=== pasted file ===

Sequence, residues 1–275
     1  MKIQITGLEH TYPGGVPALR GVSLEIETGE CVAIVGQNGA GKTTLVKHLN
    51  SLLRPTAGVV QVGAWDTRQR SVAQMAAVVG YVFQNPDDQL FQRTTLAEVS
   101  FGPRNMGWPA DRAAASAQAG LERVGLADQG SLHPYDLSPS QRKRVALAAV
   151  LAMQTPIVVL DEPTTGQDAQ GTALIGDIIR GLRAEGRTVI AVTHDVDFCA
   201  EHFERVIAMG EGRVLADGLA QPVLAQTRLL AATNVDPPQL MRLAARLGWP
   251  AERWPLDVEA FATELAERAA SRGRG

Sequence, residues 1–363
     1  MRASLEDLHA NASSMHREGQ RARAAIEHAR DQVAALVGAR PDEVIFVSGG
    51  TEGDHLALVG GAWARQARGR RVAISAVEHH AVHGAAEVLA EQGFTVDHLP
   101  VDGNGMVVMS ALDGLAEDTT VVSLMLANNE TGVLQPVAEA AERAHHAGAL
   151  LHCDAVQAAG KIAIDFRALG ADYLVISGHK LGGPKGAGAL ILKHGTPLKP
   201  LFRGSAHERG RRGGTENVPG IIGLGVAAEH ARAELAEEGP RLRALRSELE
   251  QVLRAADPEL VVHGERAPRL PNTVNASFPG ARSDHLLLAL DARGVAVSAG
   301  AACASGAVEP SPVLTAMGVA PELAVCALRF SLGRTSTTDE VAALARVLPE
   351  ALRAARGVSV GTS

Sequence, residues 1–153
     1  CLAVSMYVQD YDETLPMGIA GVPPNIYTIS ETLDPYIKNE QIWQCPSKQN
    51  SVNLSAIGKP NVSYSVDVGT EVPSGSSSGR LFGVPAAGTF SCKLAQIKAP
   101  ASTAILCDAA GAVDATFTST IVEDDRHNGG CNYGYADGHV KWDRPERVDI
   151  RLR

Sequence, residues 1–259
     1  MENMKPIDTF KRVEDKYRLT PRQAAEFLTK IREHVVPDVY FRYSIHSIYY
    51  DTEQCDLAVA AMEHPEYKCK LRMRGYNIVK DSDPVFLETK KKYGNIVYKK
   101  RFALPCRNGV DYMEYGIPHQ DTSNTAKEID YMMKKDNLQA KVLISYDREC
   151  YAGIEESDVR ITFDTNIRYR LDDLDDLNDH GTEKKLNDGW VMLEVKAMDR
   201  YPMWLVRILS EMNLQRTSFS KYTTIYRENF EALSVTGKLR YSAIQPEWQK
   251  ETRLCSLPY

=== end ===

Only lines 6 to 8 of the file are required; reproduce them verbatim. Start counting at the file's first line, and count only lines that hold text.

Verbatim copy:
   201  EHFERVIAMG EGRVLADGLA QPVLAQTRLL AATNVDPPQL MRLAARLGWP
   251  AERWPLDVEA FATELAERAA SRGRG

Sequence, residues 1–363